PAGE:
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Although I love seeing my old familiar dragonfly friends, it is always exciting to observe new species. Last week while I was exploring in Prince William County, Virginia with fellow dragonfly enthusiast Walter Sanford, I spotted this dragonfly perched on a small tree. I really liked the pose and moved closer for some shots.

I initially thought it was a Needham’s Skimmer, a fairly common species in our area, but the more I looked at my photos afterwards on my computer screen, the more I began to note some differences in the colors and patterns on wings and the body. After consultations with some dragonfly experts on Facebook, I learned that it is a Yellow-sided Skimmer (Libellula flavida).

As far as I know, this is the first time that I have seen a Yellow-sided Skimmer. There is a possibility that I have unwittingly seen one in the past and dismissed it as “only” a common species.  I try not to do that, because this is not the first time that I have photographed something new without realizing until later that it was in fact new.

 

Yellow-sided Skimmer

© Michael Q. Powell. All rights reserved.

 

 

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Dragonhunter dragonflies (Hagenius brevistylus) love to perch and wait for their prey to come by and then use their powerful back legs to snag that prey, which is often another dragonfly. Those legs are so long and ungainly, though, that Dragonhunters’ poses often seem awkward when they are perched—they remind me of teenage males who have undergone a recent growth spurt and haven’t gotten used to their longer limbs.

Last Friday as I was exploring a stream at Prince William Forest Park with fellow blogger and dragonfly enthusiast Walter Sanford, he spotted this female Dragonhunter perched at the edge of the water. I was walking toward him when I spotted the Dragonhunter on the rocks that I featured yesterday and was delayed in getting to see this dragonfly. Fortunately, she was relatively tolerant of our presence and remained in place long enough for me to get some shots.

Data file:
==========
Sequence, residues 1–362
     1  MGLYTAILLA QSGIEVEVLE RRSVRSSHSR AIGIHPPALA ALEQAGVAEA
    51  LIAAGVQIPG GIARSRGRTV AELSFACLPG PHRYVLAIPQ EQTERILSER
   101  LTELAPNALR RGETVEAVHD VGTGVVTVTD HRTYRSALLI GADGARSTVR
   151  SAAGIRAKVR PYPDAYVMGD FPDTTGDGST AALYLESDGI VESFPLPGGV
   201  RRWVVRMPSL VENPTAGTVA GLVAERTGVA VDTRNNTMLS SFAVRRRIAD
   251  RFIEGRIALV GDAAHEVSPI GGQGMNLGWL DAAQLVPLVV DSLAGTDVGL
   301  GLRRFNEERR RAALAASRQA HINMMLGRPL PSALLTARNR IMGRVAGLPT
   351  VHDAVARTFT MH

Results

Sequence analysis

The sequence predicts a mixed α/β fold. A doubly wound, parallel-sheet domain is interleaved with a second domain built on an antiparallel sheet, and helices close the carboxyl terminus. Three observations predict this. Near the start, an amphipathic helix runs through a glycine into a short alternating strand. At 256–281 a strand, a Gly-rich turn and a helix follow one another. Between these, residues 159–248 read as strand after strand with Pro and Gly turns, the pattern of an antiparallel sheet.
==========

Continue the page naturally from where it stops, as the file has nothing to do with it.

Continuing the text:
All of the images that I captured show a side view of the Dragonhunter, because she was facing toward the water and I was trying not to get wet. Walter, however, wanted more of a frontal view  and waded into the water to get that shot. Check out today’s posting on his blog and you can compare the results of our different approaches.

dragonhunter

© Michael Q. Powell. All rights reserved.

 

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Dragonfly on the rocks? It sounds like a summertime beverage, but it accurately describes what I saw last Friday while exploring a stream in Prince William County, Virginia with fellow dragonfly enthusiast Walter Sanford. I think it is a Dragonhunter dragonfly (Hagenius brevistylus), but the unusual angle makes it tough to made a definitive determination of the species, because I am not able to see critical portions of the dragonfly’s anatomy.

In the past when I have spotted Dragonhunters, they have been perched on branches overhanging the water and that is where I expect to find them. This encounter is a good reminder for me to stay alert at all times—my subjects may not have read the identification guides about how they are supposed to behave.

dragonhunter

© Michael Q. Powell. All rights reserved.